Wall Street’s “Technology Bubble” 2.0

4/16/2012 8:23:52 AM

Description: Wall Street’s “Technology Bubble” 2.0

Investors have benefited throughout the years from trends that have almost magically lifted Wall Street from the doldrums to lofty heights. These usually involved a spike in the sales of a domestically produced commodity, like in the mid-80s when record auto sales drove the Dow Jones Industrial Average to post an all-time high of 2002 points in early January of 1987, or the years of prosperity in the market seen after World War II had ended. But historically, nothing came close to the investor fervor that began in the mid90s.

The Information Technology Bubble, or Dot Corn Bubble, began in earnest with the rapid popularity of the internet as a means of communicating, trading information and doing business. AOL and Netscape, among other service providers, were making it easier and easier for “regular” people to access the internet via any (somewhat) reliable computer and a phone line. In December of 1995, according to research from IDC, there were an estimated 16 million people with access to the internet—O.4% of the world population. By December of 1999, that number rocketed up to 248 million people, or 4.1% of the world population. Suddenly, there was a place with a worldwide captive audience that could be tapped for anything from book and CD sales to personal services or even banking. This captivated venture capitalists and investors alike and, coupled with low interest rates in the mid-90s, made funding a “technology” start-up easy.

Most internet start-ups at this time relied heavily on operating at a loss in order to gain market awareness. The seemingly endless potential that the internet possessed, however, along with the exponential growth of the “online population’ spurred investors to grab any and all dot-corn and “technology” companies that offered shares on the open market. Since it was nearly impossible to valuate these companies, investors became less cautious when choosing stocks to purchase, concentrating instead on the unreal returns that so many tech companies were generating. With this vast number of people getting “rich” in the market, regular investors who had traditionally only used a broker for investment decisions or kept money safely tucked in an index-based mutual fund were now speculating on shares of companies with horrid P/E ratios and zero revenues. When the market could no longer bear the nonexistent growth and these once promising businesses filed for bankruptcy, the house of cards began to collapse.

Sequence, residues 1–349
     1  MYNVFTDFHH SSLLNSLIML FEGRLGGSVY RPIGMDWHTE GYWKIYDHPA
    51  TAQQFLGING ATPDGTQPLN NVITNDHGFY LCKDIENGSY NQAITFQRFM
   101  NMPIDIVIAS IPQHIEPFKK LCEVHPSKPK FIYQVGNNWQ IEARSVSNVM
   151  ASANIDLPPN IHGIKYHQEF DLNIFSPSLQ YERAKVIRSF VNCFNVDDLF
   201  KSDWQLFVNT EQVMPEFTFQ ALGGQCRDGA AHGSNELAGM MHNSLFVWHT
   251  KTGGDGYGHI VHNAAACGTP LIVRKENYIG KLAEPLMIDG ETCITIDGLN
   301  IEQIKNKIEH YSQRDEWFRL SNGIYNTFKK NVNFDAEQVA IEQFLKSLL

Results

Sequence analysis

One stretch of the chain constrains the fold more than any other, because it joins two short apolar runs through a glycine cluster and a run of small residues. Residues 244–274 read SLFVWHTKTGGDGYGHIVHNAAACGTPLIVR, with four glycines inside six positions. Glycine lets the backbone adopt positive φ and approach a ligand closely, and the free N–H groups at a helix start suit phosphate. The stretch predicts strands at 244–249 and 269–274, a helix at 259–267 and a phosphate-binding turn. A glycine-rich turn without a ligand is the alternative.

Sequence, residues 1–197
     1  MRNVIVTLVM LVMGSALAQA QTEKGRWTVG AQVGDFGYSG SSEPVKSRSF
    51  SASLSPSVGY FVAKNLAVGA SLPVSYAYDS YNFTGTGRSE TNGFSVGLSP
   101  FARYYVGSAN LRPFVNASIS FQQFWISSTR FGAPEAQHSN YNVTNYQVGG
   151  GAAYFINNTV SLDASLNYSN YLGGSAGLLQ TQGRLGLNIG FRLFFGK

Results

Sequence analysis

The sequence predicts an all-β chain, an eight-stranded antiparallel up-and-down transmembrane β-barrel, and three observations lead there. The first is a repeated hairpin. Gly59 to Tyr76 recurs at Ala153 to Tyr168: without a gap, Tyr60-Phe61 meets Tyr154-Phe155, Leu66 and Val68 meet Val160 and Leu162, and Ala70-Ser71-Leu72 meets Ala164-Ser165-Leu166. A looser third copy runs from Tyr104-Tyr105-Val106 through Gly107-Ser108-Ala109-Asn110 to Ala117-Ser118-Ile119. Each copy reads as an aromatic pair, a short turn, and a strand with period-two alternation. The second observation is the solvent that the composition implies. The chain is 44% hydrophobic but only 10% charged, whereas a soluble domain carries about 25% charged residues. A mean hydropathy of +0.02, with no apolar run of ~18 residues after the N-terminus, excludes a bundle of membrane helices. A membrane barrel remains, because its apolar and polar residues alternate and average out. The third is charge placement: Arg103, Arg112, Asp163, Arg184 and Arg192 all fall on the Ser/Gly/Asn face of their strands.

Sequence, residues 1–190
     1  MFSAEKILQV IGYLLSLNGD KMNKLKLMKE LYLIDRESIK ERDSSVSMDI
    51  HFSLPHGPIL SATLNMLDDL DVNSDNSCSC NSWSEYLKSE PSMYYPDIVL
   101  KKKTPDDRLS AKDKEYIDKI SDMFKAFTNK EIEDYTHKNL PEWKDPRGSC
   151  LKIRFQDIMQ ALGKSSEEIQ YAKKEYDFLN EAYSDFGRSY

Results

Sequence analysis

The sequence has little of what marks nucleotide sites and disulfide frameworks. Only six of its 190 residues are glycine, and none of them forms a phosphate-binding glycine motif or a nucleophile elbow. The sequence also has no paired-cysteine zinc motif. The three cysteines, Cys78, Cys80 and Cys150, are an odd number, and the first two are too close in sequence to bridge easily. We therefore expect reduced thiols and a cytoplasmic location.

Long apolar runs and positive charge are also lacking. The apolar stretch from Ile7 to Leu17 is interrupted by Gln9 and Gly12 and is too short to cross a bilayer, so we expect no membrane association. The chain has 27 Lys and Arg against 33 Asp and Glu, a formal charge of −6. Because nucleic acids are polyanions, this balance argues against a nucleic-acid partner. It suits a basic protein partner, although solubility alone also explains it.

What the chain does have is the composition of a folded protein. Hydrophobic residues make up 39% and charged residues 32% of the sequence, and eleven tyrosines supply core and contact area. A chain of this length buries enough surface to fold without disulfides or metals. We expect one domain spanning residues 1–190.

Companies like Pets.com, an operation with a high profile advertising campaign (the Dotcom Boom did not lack creative marketing) and plenty of recognition, saw $300 million in capital wiped away and a successful IPO wither into liquidation in under a year — ultimately becoming one of the symbols of the technology collapse. One by one, former darlings of the street like Kozmo.com (one hour delivery), Flooz.com (an attempt at establishing internet currency) and the notable Globe.com — one of the first ever social networking sites and a company that posted the largest ever first day gain of any IPO of any company up to that point — collapsed in ruins, hemorrhaging large amounts of cash and ruining venture capitalists as well as portfolios.

On March 16, 1999 as the first cracks were appearing in the Tech bubble, the Dow broke an all-time single-day record by rising almost 500 points in one day to 10,630. Less than a month later, the Dow suffered its largest one-day drop up to that point, falling 618 points or 5.66%. The effects were devastating and the DJIA, which passed the 11,000-point only in 2006, took a long time to recuperate.

Description: Wall Street’s “Technology Bubble” 2.0

And now, over a decade later, many analysts are seeing signs of a new technology boom. Indexes like the tech heavy Nasdaq Composite are pushing ever higher and investors have been happily pouring into companies showing record profits, like Apple Inc. (NASDAQ: AAPL) which has been showing ever increasing record profits on each quarterly statement, or companies that merely have the potential to reap enormous profits, like Facebook and its estimated $75 to $100 billion IPO. But, as philosopher George Santayana once declared, those who cannot remember the past are condemned to repeat it. Companies like SalesForce.com (NYSE:CRM) are trading at over $140 a share but have a market capitalization over 8 times its earnings. Pandora (NYSE: P), the online radio player and automated music recommendation service, doesn’t even have a PIE ratio, is not yet profitable and trades over 9 times its earnings (almost $14 a share).

Although not as egregious as it was in the late 90s, technology is once again becoming a trendy speculative instrument, irregardless of earnings.., or the lessons supposedly learned from recent history.

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